Global finances in distress, winter of discontent builds up as Uganda falters in Ebola response

Author: Mr Karoli Ssemogerere is an Attorney-at-Law and an Advocate.

The IMF concluded its annual meetings last month with a warning that the global economy is going to slow down in 2023. Global economic growth forecasts are likely to drop from 4.5 percent in 2022 to 2.3 percent. It will in most cases feel like a “recession”. 

Early indications and warnings are coming from many Treasuries that have exhausted borrowing headroom. In Africa, Ghana is on their doorsteps seeking an urgent bailout even though Ghana has been flush with oil revenue.

After the August General Election, Kenya quickly cut the maize and petroleum subsidies on account of empty treasury coffers.  In Uganda, the Treasury and Central Bank use terms like “inflation management”, system upgrades to payment platforms and cash management to telegraph messages to accounting officers to expect less disbursements.

It is interesting that President Museveni on a visit to Mayuge District to celebrate a Church of Uganda holiday wondered how the Basoga were surviving in an environment of obvious economic distress. Ahead of the 2021 elections, a number of documentaries focused on the plight of sugarcane outgrowers who had a bumper crop on account of the 2020 rains going hungry and destitute as sugar factories did not have the crushing capacity to process their cane.

Outgrowers had to pay middlemen to get in front of the long queues of trucks overloaded with sugarcane. The big players, SCOUL and KSW now have less sugar on account of much lower rainfall totals.

In Europe, countries have braced themselves for a long cold winter even though weather is milder than earlier projected. The UK government is promising price support for domestic energy where average winter bills are projected to more than double to GBP 2500 per household. The European seas are flush with floating vessels carrying liquefied natural gas, LNG as panic buying has left storage terminals full and prices later in the winter are likely to drop.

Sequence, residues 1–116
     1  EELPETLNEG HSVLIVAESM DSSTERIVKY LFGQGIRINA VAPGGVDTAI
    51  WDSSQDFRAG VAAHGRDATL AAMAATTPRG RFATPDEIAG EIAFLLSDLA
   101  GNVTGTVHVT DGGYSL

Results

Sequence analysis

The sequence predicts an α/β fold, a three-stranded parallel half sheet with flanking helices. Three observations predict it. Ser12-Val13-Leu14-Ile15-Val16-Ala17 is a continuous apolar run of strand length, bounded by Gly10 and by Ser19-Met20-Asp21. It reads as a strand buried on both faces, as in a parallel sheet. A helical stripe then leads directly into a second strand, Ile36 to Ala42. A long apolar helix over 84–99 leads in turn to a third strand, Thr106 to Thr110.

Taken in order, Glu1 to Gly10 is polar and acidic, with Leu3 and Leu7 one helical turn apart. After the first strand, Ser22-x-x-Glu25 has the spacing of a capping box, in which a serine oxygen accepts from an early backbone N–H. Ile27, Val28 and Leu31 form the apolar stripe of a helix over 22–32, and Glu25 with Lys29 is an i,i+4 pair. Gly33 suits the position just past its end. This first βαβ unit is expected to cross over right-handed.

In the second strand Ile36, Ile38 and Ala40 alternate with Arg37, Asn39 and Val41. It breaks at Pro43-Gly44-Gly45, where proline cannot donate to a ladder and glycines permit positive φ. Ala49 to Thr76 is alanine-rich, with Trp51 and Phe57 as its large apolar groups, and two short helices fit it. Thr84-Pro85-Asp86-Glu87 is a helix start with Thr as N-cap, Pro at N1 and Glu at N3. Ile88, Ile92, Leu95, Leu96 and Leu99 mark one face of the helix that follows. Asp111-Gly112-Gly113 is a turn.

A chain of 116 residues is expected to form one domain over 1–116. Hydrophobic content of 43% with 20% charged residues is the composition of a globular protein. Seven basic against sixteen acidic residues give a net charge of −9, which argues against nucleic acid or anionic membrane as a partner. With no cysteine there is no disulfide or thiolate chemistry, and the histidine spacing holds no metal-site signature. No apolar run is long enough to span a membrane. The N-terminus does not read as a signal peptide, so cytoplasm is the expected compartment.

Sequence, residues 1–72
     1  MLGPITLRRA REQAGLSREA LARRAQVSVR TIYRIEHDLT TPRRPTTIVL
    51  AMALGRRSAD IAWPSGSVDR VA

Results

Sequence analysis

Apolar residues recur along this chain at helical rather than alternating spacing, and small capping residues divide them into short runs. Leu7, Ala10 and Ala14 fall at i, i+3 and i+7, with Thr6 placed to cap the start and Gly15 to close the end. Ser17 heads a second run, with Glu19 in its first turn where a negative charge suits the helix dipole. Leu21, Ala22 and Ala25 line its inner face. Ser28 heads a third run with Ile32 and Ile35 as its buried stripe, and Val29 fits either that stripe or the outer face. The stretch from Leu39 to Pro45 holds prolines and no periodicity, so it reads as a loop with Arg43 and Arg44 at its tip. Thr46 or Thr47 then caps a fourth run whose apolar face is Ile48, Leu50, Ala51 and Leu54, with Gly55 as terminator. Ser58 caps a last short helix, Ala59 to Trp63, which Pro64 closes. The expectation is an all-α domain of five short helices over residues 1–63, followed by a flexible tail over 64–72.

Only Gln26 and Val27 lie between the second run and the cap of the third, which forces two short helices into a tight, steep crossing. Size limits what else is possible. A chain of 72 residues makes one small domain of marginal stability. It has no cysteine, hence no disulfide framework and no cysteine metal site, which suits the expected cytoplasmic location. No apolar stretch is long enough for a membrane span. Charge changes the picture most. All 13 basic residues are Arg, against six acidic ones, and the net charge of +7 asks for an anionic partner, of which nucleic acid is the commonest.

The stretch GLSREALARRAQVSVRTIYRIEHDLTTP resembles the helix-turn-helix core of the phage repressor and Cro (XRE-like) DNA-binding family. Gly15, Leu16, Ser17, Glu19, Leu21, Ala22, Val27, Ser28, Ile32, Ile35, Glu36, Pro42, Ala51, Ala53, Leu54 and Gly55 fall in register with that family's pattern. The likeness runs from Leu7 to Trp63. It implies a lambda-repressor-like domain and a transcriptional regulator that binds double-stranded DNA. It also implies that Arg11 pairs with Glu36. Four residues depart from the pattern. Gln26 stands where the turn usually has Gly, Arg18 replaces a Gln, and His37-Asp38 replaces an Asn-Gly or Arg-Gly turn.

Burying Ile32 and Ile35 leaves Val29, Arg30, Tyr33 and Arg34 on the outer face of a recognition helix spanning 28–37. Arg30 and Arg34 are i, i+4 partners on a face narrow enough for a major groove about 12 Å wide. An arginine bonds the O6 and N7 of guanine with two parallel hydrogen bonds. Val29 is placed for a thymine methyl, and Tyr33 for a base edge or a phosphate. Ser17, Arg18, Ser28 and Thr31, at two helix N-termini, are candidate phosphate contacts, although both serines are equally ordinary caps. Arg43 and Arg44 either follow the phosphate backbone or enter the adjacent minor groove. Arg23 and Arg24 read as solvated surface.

Developments like the end of the Democratic Governance Facility in Uganda that has dried up “civil society” cash must be understood in the context that most European countries in the shadow of Russian aggression in Ukraine are preparing themselves for a long cold winter.

Old Housing stock that is energy inefficient is being overhauled and replaced by modern energy efficient housing but this can’t be fast enough. Attention will once again be on the United States’ midterm election due next Tuesday, the Brazilian election run off; the Nigerian general election at the end of the year to study whether a new pattern in politics emerges to capture the sour public mood. South Africa, whose General Election is not due until 2024 may mark the return of Jacob Zuma, as the only hope to inoculate ANC from its declining electoral fortunes.

In Uganda, an unofficial primary is building up as the incumbent prepares to run for office again in 2026 while under pressure to anoint a preferred successor. Politics like organized religion thrive in times of distress.

During the Covid pandemic, both were on the back burner as their main vehicles, political rallies, public gatherings and Sunday congregations were cut back or simply proscribed. That’s why Uganda finds itself in unfavourable light as the government seeks to find its way around the recent Ebola outbreaks initially contained but now spreading in the economic epicenter. 

A mini-winter of discontent building around the Ministry of Health officials being accused of posturing to milk the economy dry in Ebola remediation measures. One wonders who advised the President to lock down just two districts, and keep the entire Ebola highway that runs from the Bundibugyo, through the districts of Ntoroko, Kabarole, Kyenjojo and Kyegegwa. Truck transit cargoes from the DRC dominate this route. 

The transmission of Ebola at the incidence stage is animal to human associated with eating a delicacy in the DRC, the monkey. At the time the lockdown was being announced, the President was lifting “roadblocks” that would be used to conduct spot checks along the entire route of entry into the Ugandan hinterland. Arresting turn boys and drivers dropping off passengers is not a solution.

Mr Ssemogerere is an Attorney-At-Law and an Advocate.